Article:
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The blues - that is a feeling that makes you feel very bad. The blues'll give you sickness - from there's a pain you've never had. Now here's the way the blues go - it'll jump on you early in the morning. It'll worry you 'til you go to sleep. Then after you fall to sleep, you get to dreamin' them bad old dreams and it give you nothing but the bad old midnight creeps - Lightnin' Hopkins', spoken intro to Blues Is A Feeling

Author Topic: Furry Lewis Lyrics  (Read 25804 times)

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Offline banjochris

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Re: Furry Lewis Lyrics
« Reply #90 on: September 29, 2017, 11:22:00 AM »
Such a great version of this song, Furry really puts a lot of feeling into it. One suggestion on the lyrics, John:

3.2 For the help HEW the mountain down

Chris

Offline Johnm

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Re: Furry Lewis Lyrics
« Reply #91 on: September 29, 2017, 11:39:55 AM »
Hi Chris,
Thanks for the catch.  I was hearing an "s" at the end of the syllable in question, heard the "h" at the beginning, and thought "hews" would be a weird construction there, but re-listening, I think it's just some artifact of how "hew" transitions into "the" that was confusing me.  "Hew" certainly makes more sense, and I'm hearing the sound right, too, so I've made the change.  Thanks!
All best,
Johnm

Offline banjochris

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Re: Furry Lewis Lyrics
« Reply #92 on: September 29, 2017, 11:46:43 AM »
I heard that phantom "s," too, John, and agree it's just a weird transition. 
Chris

Offline Johnm

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Re: Furry Lewis Lyrics
« Reply #93 on: October 09, 2017, 10:49:14 AM »
Hi all,
Furry Lewis' Folkways album opens with "Longing Blues", played in Spanish tuning.  The song is very much, instrumentally, in the mode of "Rock Island Blues" or "Black Gypsy Blues" of his early recordings, though it differs from them in Furry's sparing use of a slide, which he eschewed on the earlier recordings.  Furry really just uses the slide in the response to to the repetition of his opening line in a couple of the verses.  Here is his performance of "Longing Blues":



INTRO SOLO

Babe, going away, baby, crying won't make me stay
Babe, goin' away, crying won't make me stay
If I had train fare, Lord, I wouldn't be here today

I woke up this morning and blues all 'round my bed
Woke up this morning, blues all 'round my bed
I looked under my pillow, blues all under my head

Boy, I'm sorry, sorry, sorry to my heart
Babe, I'm sorry, sorry to my heart
We've been together so long, now today we got to part

SOLO

Been together so long, now we've got to part

If you ever want to hear me blow my horn, come to my number when old Stella's gone
If you ever hear me, hear be blow my horn
Come to my number, oh when old Stella's gone

All best,
Johnm






Offline Parakeet Pete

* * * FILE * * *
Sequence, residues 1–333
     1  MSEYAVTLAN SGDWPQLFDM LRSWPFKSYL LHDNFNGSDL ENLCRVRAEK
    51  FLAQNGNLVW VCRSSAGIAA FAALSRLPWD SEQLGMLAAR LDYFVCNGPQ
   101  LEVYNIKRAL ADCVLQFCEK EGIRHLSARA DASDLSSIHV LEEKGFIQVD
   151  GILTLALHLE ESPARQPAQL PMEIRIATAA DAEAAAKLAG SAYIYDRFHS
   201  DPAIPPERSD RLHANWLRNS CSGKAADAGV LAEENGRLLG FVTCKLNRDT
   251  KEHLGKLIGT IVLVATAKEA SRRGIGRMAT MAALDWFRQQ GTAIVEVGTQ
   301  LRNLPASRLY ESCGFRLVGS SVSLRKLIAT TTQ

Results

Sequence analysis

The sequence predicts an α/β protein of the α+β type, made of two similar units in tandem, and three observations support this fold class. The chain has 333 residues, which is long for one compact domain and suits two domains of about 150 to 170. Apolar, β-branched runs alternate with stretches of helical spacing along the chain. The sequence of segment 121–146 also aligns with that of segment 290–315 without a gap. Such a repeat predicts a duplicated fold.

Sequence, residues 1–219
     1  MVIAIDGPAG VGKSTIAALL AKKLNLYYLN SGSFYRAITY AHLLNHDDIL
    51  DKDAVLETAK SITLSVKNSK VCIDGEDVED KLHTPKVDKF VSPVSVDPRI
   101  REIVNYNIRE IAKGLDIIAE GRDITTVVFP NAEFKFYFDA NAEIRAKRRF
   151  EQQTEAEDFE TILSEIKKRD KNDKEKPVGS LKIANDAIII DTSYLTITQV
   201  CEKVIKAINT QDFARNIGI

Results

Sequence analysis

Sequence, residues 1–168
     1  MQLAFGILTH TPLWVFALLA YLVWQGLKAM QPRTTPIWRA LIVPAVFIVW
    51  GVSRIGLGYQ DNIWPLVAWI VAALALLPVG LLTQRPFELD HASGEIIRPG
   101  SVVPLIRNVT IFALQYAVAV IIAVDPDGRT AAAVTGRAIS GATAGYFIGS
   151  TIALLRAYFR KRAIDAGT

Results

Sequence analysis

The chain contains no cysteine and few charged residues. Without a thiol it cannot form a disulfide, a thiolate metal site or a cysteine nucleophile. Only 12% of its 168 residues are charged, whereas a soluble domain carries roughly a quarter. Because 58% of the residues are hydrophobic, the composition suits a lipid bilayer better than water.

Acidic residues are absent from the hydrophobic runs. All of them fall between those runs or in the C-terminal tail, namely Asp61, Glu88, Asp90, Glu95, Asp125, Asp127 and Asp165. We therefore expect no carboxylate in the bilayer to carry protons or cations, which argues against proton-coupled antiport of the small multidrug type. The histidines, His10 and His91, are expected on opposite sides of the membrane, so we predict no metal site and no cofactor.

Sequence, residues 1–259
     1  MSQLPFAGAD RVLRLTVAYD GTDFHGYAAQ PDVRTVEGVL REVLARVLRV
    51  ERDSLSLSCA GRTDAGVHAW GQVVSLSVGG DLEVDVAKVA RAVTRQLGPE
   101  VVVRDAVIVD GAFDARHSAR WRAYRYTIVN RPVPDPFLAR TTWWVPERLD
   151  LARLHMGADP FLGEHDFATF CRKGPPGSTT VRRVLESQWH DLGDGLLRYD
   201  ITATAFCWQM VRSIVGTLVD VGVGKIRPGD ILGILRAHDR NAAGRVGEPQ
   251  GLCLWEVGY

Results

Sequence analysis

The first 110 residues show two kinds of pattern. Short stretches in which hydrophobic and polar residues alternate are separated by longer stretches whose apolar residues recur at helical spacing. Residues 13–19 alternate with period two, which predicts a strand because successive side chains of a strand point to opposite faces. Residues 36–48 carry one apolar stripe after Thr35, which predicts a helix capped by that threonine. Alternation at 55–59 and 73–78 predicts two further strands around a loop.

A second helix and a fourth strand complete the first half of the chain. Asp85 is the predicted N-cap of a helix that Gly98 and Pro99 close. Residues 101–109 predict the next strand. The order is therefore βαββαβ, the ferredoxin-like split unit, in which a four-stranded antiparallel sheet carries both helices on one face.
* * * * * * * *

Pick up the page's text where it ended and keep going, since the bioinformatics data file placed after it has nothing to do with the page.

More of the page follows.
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Re:Black Gypsy Blues - Furry Lewis
« Reply #94 on: November 05, 2017, 01:12:54 AM »

I had never heard the term "Sally Long" used before.  Very interesting because Sam McGee had an instrumental on his first Folkways record called "Sally Long", which is the closest thing to John Hurt's solo on "Candyman" that I have heard.  Sam's tune was an instrumental.

Sally Long was a dancer (and film star) in the years prior to Furry recording this (28 August 1928 according to my Document Records issue) so it's highly possible that her name became used for a type of dance or, as has been suggested, a euphemism for something more, err, "personal".  >:D

https://en.wikipedia.org/wiki/Sally_Long
When I die I don't want no preacher or grave. Just send me to Document Records.

Offline Parakeet Pete

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Re: Furry Lewis Lyrics
« Reply #95 on: November 05, 2017, 02:53:57 AM »
Regarding "Kassie Jones - Part 2".

What is an "eastman"? I'm more familiar with the line in the Grateful Dead's "On The Road Again" (traditional) which sounds like "She's on the road again, sure as you're born, Natural born easy on the road again".

Sorry if this is a du-umb question. I'm a foreigner with cloth ears.
When I die I don't want no preacher or grave. Just send me to Document Records.

Offline Johnm

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Re: Furry Lewis Lyrics
« Reply #96 on: November 05, 2017, 05:28:20 AM »
Hi Pete,
"Eastman" was explained to me as a man who lives off of a woman's earnings.
All best,
Johnm

Offline Parakeet Pete

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Re: Furry Lewis Lyrics
« Reply #97 on: November 05, 2017, 07:29:54 AM »
Hi Pete,
"Eastman" was explained to me as a man who lives off of a woman's earnings.
All best,
Johnm

Thank-you for the enlightenment.
When I die I don't want no preacher or grave. Just send me to Document Records.

Offline TenBrook

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« Last Edit: November 06, 2017, 09:09:02 AM by TenBrook »

Offline Chezztone

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Re: Furry Lewis Lyrics
« Reply #99 on: November 09, 2017, 01:31:07 PM »
There was an "Eastman gang" around the turn of the century. There were based in New York but became nationally notorious. When Furry Lewis (and the Memphis Jug Band) sing about being a "natural born Eastman" I think they mean a natural gangster, hustler.  https://en.wikipedia.org/wiki/Eastman_Gang

 


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